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Momentum (Cannon fires at angle & recoils)

  • Thread starter CaptainSFS
  • Start date
  • #1
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Homework Statement


showme.pl.gif

A circus cannon, which has a mass M = 5000 kg, is tilted at q = 40°. When it shoots a projectile at v0 = 80 m/s with respect to the cannon, the cannon recoils along a horizontal track at vcannon = 1 m/s with respect to the ground.

1. At what angle to the horizontal does the projectile move with respect to the ground?


Homework Equations





The Attempt at a Solution



In order to solve this first question, I first found the horizontal velocity of the ball. 80cos(40) gives me about 61.xxx m/s. The cannon recoils in the opposite direction, so I add 1 m/s. I then use arccos(62.xxx/80) to find the new angle with respect to the ground. This is not the correct answer. I'm not sure what to do.
 

Answers and Replies

  • #2
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An interesting question, according to the diagram, they want you to solve for [tex] \theta [/tex]

Right?

Then please label the 40 degrees.
 
  • #3
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what do you mean "Then please label the 40 degrees"?

If you're implying that the answer is 40 degrees, I can assure with certainty that it isn't. I input these values into my homework online, and it returns with either an "OK" or "NO". I've tried 40 degrees, that was my first guess. =/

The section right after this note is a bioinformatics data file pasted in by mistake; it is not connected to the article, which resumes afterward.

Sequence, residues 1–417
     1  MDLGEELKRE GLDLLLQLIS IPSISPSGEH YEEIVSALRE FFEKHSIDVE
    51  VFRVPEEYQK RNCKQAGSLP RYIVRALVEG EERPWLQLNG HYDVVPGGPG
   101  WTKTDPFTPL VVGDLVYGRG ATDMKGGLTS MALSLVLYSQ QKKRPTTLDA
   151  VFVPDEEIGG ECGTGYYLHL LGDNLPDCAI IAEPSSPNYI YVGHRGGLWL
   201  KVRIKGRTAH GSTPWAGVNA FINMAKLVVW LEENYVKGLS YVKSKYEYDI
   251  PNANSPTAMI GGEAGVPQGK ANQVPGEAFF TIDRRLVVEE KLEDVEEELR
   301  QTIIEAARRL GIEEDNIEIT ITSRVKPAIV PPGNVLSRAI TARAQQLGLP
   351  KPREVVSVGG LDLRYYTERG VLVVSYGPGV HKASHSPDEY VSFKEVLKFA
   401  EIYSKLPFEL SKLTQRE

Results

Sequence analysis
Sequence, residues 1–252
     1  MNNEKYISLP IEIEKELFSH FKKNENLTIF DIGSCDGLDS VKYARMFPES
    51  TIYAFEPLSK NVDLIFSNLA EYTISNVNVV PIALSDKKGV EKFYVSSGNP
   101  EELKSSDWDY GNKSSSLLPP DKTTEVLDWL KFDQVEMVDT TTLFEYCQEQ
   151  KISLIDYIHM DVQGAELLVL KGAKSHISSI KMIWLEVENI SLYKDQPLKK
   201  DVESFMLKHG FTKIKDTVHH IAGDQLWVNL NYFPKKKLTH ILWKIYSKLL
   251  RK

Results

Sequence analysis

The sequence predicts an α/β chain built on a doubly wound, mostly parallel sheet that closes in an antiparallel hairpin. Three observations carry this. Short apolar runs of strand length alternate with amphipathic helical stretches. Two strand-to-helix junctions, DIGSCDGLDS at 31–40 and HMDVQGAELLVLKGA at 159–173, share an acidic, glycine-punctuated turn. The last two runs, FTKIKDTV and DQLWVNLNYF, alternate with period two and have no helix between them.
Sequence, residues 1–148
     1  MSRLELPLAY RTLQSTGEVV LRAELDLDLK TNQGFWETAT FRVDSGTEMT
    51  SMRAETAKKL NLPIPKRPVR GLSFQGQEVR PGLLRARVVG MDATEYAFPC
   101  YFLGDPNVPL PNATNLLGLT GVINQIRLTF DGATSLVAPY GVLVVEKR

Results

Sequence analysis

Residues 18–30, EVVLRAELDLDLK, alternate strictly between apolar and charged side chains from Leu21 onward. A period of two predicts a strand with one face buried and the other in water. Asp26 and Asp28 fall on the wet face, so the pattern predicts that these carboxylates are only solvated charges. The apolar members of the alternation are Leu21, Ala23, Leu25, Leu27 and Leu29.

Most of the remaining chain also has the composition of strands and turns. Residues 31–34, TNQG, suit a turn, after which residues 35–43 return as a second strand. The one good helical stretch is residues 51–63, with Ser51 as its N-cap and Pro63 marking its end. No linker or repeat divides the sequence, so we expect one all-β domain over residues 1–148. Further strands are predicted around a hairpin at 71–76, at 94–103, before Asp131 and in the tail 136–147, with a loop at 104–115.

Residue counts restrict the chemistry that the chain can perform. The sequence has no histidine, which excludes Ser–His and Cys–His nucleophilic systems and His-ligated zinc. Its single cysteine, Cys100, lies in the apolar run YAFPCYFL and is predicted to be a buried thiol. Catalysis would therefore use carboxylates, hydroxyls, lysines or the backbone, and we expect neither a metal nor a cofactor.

So, there's something else going on in the problem that I'm not understanding.
 
  • #4
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The question is asking you to solve for theta in the diagram. Is this correct or not?

If this is correct. Then where is the 40 degrees in the diagram and what does it represent.
Your description states that q = 40 degrees. However q is not mentioned anywhere before or after that statement. What is q?
 
  • #5
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q is typically the letter they use to denote theta, since I cannot input a theta symbol into my answer field.

The field asks for "qground="
 
  • #6
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These are the hints they give me, I just don't understand at all what to do. I now believe though that the velocity I'm finding in the x-direction is incorrect, but I'm not sure why.

HELP: Because the cannon is moving, you must find the speed of the projectile with respect to the ground.
HELP: Recall from Lecture 3 (Relative Motion): The velocity of the projectile with respect to the ground equals the velocity of the projectile with respect to the cannon plus the velocity of the cannon with respect to the ground. Remember that velocity is a vector, so be careful of components and signs.
 

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